Designed in the Classical Revival style, the building is typical of many late 19th– and early 20th-century institutional buildings in Boston. Stemming from the Beaux-Arts tradition, which celebrated the composition and symmetry of Greek and Roman architecture, the Classical Revival style in the United States was often selected by architects for its more refined and restrained expression. While many Classical Revival-style buildings were constructed of cast stone, Hasty selected brick as the primary cladding, likely for its local availability and warmer tones more appropriate to a residential building. Classical Revival-style character-defining features of the building include the symmetrical facade, monumental central entrance, and cast-stone quoins, sills, lintels, and pediment.
The new building opened in 1911 with great fanfare (see Figure 1, 1913 photograph). Boston Mayor John F. Fitzgerald addressed the large audience at the opening ceremony, along with Rabbi Harry Levi of Temple Israel, who stated his desire for Jewish children to be sent to the Home over public institutions to allow Jewish beliefs and traditions to be carried on by the children. At its opening, the Home provided shelter to scores of children under the age of 16. By 1912, the then underpopulated Morse Home merged with the Home for
Destitute Jewish Children, thereby turning over its assets, claims to FJC funds, and ties to the affluent German Jewish community to the Home for Destitute Jewish Children.
It was noted by the Jewish Advocate in 1919 that many of the Home’s children came from different classes, resulting in a wide variety of habits, propensities, and lifestyles. The Home was run much like a boarding school of the day, including rules and regulations. The new orphanage provided housing to roughly 200 boys and girls annually, aged 6 to 18. During its early years, the Home struggled to provide for the young children, as donations during the lean years of World War I were scarce. When funds were tight, the children often assisted the small staff in preparing meals and maintaining the property. This changed after the war ended, when funds were more readily available to hire additional staff.
Many of the children arriving at the Home came from immigrant parents who had died. Health care was a major concern of the institution. Physicians and nurses made routine checks of the children. In addition to the Home being well maintained to prevent epidemics, the children were schooled on cleanliness, were properly clothed, ate wholesome meals, and had plenty of indoor and outdoor exercise.
Children attended public schools for their education, though those too young for public schools were educated on the Home’s grounds until they were of age. The Headmaster of the Dorchester High School noted that the majority of the pupils who came from the orphanage received grades of A and B. Hebrew school occurred within the Home. Generally, each child received five hours of schooling on Jewish history and religion per week, over the course of three or four sessions. When it began, Hebrew school was limited to children ages seven years old and up, but by 1919 a kindergarten class was added to ensure all children within the Home received a Hebrew education. The Home also held daily and holiday services, congregational singing, bar mitzvahs, and other religious entertainment.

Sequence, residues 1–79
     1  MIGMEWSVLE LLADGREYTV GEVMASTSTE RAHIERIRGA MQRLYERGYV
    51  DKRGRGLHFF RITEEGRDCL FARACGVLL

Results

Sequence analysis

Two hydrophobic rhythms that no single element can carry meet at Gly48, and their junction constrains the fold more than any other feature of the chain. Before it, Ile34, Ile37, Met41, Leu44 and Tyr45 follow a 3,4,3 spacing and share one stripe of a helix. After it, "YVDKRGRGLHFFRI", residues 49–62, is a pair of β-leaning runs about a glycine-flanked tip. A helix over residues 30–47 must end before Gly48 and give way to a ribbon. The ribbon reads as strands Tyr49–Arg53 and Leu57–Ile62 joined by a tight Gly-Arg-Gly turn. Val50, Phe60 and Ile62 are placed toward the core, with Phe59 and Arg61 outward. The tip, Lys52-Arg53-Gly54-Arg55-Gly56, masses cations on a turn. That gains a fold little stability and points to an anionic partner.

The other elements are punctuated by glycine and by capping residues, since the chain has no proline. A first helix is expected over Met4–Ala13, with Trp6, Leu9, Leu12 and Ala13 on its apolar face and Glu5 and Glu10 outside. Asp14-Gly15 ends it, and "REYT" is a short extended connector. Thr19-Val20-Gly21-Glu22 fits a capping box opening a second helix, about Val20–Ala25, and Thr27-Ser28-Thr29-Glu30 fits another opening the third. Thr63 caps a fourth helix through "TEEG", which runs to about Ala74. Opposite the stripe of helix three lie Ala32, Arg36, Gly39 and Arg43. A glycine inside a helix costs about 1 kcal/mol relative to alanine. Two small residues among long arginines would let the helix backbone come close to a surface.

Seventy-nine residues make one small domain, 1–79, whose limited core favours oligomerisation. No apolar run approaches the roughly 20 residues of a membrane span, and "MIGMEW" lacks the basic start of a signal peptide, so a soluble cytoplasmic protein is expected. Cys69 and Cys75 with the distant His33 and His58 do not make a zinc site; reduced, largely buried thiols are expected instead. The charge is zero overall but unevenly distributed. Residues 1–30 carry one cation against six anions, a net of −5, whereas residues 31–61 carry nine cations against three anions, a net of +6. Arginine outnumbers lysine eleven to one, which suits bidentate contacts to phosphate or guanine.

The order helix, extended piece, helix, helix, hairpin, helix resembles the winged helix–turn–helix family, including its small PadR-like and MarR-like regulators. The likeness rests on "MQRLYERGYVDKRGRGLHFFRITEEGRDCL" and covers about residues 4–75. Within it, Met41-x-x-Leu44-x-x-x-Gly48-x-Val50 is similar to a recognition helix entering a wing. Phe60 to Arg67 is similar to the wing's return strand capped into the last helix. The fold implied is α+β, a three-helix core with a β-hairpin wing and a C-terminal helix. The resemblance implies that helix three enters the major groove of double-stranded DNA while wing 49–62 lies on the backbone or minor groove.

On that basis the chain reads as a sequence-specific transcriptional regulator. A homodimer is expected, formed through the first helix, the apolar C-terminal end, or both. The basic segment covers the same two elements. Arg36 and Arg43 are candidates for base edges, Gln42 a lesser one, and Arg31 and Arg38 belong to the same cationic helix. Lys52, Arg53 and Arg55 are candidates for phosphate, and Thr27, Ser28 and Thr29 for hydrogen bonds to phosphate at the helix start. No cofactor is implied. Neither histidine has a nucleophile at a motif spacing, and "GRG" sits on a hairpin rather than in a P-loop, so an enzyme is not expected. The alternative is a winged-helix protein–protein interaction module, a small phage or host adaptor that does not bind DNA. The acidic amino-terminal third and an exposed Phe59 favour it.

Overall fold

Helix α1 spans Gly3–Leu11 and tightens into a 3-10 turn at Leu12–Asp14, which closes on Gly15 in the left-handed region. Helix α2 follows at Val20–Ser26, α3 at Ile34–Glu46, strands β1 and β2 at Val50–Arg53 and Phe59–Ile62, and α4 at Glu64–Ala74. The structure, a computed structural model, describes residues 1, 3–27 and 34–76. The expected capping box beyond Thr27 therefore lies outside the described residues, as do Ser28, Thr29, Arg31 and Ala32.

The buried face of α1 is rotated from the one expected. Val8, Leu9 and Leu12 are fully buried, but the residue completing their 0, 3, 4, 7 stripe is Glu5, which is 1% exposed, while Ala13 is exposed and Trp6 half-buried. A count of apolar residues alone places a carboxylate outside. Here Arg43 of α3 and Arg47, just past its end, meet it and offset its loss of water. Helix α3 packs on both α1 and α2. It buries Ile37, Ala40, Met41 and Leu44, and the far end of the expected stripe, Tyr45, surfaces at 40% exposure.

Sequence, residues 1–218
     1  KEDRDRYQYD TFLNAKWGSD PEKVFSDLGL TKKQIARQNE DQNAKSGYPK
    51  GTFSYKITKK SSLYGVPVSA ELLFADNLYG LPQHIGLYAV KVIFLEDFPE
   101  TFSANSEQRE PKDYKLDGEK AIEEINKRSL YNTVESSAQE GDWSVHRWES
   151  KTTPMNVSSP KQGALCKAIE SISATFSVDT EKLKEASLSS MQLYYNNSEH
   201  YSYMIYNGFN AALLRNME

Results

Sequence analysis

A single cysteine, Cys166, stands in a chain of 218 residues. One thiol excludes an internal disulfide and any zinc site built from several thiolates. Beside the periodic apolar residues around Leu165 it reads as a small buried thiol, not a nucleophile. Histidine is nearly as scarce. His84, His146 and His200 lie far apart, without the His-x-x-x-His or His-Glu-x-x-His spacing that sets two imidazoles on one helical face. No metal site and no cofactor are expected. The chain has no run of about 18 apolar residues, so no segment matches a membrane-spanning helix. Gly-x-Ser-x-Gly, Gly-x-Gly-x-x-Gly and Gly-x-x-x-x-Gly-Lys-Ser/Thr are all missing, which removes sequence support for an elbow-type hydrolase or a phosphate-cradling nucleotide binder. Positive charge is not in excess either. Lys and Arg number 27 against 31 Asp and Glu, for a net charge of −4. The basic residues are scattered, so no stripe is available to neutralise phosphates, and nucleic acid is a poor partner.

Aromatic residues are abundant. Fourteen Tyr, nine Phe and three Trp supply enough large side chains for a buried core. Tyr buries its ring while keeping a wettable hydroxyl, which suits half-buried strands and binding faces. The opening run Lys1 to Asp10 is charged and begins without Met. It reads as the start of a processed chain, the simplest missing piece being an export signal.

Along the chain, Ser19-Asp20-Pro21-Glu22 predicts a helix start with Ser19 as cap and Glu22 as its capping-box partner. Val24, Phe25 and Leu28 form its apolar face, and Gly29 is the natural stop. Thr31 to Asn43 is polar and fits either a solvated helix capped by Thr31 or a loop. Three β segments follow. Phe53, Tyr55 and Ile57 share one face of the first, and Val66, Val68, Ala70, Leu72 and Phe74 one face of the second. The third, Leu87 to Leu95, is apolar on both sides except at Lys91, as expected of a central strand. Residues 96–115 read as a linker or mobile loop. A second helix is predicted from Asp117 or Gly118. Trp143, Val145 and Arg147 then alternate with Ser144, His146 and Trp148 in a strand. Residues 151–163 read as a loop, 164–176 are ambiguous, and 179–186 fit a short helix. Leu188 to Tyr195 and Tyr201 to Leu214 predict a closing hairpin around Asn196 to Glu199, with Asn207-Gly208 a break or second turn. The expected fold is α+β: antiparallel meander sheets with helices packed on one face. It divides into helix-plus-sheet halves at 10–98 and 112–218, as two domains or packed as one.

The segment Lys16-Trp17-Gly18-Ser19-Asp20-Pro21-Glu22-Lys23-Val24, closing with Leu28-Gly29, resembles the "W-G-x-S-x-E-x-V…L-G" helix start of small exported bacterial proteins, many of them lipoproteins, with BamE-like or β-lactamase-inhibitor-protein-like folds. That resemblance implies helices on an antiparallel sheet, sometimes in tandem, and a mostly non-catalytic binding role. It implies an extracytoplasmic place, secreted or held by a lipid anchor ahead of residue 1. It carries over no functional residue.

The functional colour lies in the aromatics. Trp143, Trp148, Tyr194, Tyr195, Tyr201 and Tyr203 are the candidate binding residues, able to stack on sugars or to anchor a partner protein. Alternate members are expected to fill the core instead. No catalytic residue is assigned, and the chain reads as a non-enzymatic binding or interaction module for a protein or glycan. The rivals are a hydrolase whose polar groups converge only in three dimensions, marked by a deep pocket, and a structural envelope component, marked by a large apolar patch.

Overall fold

Initially, daily activities for the children included music lessons, participation in a marching band, and publication of a monthly magazine. Unfortunately, few children were adopted from the Home. Some were placed out as foster children, but the facility remained home for most until they were able to support themselves. In an effort to assist the children in finding meaningful employment upon leaving the Home, a trade school was also created. The trade school was slow to start due to a lack of funds, space, and teachers. Eventually, portions of playrooms were partitioned off for trade-school activities, tools were donated, and teachers volunteered. Classes included stenography, typewriting, millinery, dressmaking, printing, carpentry, machinery, and woodworking. Small, wood-frame buildings (no longer extant) were also constructed on the property to provide workshop space.
Recreational, club, and sports activities were also a large part of the Home. The Home had an active Boy Scout troop as early as 1913, which explored Boston’s outdoors from the Blue Hills to Bumpkin Island in Boston Harbor. The Home also supported a Girl Scout troop, literary and social clubs, and athletic outings. Socials, parties, plays, dances, musical instruction that gave rise to the Home’s own brass band, and field trips were a common occurrence at the Home. Garden plots were laid out on the Home’s property, which allowed children to plant and maintain their own gardens.